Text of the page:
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That when someone is grieving a loss, any loss, one thing you shouldn't say is "I know just how you feel"? Because you don't. Even if you have been in a similar situation, you didn't have the RELATIONSHIP with the person they lost, you didn't have the exact same experience they had. So you don't know. And it really doesn't help. You can say that you empathize, but you don't know. So you shouldn't say you know.

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Asked by Anonymous at 9:35 AM on Apr. 18, 2010 in Just for Fun

Answers (8)
  • honestly, there are so many wrong things to say to a person in grief it's hard to keep up sometimes. I try to say as little as possible while remaining very present for them. I am not going to impart some great wisdom on them that is going to take their pain away, no matter how much I wish I could. So I just let them do most the talking and I simply ask questions, and make small short statements along the lines of "that is so hard," or "I can't imagine, I'm so sorry." Grief is a tricky thing.

    OP- you sound especially sensitive to this. I hope all is okay.

    Answer by beckcorc at 9:55 AM on Apr. 18, 2010

  • i only say one thing and that is I am here if they need anything. The loss is universal but the feelings and relationship are different saying you know cannot be possible.

    Answer by pinkdragon36 at 10:24 AM on Apr. 18, 2010

  • When my daughter died one thing I hated hearin was "I am sorry" asked asked my mother how do I respond to that? She told me I do not have to respond at all. I dont know why but I hated hearing that

    Answer by hisblueeyes at 10:27 AM on Apr. 18, 2010

  • Nothing is up with me. It's in response to another post. Someone told the OP that she knew just how she felt. Well, no, she doesn't. I know it shouldn't bother me, it wasn't me she was talking to. But it did anyway. And I just didn't want to hijack the post. So I made my own. That's all. When my husband was deployed, he just got home, my kids and I went to weekly dinners. The grown ups had meetings without the kids after dinner. One of the topics was grief. And they asked what should you say to someone suffering a loss. I said to say nothing. That maybe the person didn't need you to say anything, they just needed you to listen. And someone else said that what you DID NOT need to say was 'I know just how you feel'. After her dad died, her sister said that to her. Her sister didn't have the same relationship with their dad that she did. It pissed her off. IDK, I just wanted to make a point I guess.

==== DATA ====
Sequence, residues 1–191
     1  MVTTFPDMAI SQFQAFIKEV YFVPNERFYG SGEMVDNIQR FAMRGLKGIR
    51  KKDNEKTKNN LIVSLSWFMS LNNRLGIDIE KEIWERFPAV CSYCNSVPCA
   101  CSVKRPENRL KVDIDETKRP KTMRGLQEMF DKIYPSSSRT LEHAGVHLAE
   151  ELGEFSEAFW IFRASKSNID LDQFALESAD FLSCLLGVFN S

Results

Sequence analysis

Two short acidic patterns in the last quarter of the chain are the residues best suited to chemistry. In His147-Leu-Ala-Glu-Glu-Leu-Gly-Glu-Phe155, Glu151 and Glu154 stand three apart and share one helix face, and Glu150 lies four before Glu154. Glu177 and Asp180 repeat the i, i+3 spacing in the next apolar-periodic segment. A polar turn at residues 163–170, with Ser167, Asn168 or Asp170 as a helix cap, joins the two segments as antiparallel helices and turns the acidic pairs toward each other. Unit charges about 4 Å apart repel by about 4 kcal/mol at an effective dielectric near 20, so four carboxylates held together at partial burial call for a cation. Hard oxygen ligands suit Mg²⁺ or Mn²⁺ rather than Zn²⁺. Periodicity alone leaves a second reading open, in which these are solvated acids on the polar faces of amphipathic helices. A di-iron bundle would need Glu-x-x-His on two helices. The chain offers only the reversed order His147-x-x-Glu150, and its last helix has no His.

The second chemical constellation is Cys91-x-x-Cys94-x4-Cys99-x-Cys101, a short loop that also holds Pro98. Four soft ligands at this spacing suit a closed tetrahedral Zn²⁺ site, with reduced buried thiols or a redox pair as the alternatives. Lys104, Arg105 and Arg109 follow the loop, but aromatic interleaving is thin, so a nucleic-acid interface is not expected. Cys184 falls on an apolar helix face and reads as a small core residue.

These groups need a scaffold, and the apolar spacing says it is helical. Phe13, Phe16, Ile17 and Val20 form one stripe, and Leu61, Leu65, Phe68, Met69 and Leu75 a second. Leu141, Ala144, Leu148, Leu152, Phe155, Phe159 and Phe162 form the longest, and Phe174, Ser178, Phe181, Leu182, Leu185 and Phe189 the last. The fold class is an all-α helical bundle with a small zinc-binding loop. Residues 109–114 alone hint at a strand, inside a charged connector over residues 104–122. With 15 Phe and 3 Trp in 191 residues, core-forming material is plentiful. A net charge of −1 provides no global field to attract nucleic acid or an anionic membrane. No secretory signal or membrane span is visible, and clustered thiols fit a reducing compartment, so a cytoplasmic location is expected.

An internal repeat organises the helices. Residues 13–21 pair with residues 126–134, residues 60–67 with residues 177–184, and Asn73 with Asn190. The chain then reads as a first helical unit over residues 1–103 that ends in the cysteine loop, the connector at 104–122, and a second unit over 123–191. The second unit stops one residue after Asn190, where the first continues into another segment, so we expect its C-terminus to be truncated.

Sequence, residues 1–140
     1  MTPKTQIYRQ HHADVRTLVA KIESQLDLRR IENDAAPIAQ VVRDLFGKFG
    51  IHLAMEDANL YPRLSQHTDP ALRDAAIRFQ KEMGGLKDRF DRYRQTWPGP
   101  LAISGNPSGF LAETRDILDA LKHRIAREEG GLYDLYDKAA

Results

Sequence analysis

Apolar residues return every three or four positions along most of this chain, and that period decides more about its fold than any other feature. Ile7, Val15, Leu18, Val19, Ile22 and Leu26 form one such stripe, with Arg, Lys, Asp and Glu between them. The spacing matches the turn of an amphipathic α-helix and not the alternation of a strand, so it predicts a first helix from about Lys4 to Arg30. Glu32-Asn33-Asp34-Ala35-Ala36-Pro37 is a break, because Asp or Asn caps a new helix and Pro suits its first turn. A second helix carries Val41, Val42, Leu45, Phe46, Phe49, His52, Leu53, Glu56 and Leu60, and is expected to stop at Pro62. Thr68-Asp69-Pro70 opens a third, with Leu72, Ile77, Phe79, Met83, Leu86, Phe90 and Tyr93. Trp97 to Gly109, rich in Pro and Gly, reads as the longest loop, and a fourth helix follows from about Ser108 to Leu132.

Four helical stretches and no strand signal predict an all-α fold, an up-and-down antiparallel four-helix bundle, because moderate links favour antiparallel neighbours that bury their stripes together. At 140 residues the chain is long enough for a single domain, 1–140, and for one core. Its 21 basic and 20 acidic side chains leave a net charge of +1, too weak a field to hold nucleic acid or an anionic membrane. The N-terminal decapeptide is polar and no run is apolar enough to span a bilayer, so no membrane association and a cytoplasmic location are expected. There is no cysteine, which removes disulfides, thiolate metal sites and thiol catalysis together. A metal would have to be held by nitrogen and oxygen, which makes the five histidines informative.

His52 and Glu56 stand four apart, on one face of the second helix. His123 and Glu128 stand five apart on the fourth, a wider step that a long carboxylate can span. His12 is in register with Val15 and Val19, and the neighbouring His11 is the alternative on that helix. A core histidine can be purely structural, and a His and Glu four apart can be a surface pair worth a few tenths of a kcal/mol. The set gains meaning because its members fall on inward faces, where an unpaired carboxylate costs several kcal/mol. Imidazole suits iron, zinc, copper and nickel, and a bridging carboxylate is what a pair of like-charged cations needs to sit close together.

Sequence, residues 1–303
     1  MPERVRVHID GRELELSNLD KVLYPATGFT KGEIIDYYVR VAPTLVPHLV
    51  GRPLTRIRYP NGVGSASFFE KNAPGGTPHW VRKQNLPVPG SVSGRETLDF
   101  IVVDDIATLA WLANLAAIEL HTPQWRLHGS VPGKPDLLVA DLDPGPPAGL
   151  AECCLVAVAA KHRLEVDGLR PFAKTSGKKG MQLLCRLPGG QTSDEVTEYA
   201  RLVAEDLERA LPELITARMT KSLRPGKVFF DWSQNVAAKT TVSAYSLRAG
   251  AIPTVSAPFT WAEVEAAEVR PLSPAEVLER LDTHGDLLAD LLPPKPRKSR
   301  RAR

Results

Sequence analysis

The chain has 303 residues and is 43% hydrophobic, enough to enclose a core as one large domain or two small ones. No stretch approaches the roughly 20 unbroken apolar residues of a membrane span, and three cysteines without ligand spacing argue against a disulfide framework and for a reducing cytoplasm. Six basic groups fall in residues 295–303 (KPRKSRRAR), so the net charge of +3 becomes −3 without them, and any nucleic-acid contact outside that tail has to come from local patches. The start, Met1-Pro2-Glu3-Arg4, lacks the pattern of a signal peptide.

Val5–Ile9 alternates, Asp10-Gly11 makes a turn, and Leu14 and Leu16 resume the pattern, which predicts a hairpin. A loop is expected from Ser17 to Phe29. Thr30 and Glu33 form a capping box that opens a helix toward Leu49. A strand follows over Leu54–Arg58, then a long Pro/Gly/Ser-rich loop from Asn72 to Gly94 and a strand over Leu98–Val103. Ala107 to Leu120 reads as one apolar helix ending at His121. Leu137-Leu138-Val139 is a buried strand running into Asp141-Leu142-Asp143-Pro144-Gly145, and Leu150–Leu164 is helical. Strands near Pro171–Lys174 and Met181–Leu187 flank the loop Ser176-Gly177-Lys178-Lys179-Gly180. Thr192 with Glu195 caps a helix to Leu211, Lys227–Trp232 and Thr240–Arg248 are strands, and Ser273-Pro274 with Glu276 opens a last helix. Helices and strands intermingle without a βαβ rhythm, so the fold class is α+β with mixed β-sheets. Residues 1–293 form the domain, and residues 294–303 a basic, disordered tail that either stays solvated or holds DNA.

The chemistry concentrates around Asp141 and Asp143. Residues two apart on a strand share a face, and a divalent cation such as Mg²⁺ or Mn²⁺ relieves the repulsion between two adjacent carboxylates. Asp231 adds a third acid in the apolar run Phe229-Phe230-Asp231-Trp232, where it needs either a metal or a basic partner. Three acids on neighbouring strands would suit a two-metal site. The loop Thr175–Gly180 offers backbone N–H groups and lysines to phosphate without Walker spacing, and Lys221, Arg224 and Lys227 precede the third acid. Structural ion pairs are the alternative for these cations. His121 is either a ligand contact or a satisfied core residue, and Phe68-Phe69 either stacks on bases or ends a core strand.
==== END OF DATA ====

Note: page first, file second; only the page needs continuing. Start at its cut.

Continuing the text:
Answer by Anonymous at 11:38 AM on Apr. 18, 2010

  • Well that is a pretty shitty attitude. People are just trying to be kind. Suck it up... Would you rather they ignore you and not offer any words or support?

    Answer by Anonymous at 12:55 PM on Apr. 18, 2010

  • Honestly, when my dad died 10 years ago having people say they were sorry and that they knew how I felt DID help me. Maybe they didn't know exactly how I felt to the core but if you are close to a parent and they die the odds are you still have a hole in your heart and feel like someone has punched you in the chest & the stomach at the same time with a battering ram. Hearing "I am sorry" DID help...they were sorry for my loss of someone I loved so very much, sorry that I was in pain, sorry that I was devastated. So, it doesn't affect everyone the same way to hear those words.


    Answer by tracylynnr67 at 1:55 PM on Apr. 18, 2010

  • I see what you mean.When we lost our infant daughter 10 yrs ago,people saying that just pissed me off! Also the sentiment that the person is with God/Jesus now,or is an angel made me mad because you don't want the loved one to be with God,you want them here!

    Answer by TMJ121099 at 8:34 AM on Apr. 19, 2010

  • I'm here, anytime you need.......... seems to be the best, because so often people just get tired of helping others through grief. It tugs at heartstrings and brings up buried wounds. Helping a friend through their grief, helps you through your own grief. I say, never pass up a chance to do good works.

    Answer by GMMOLLY at 7:12 AM on Apr. 22, 2010

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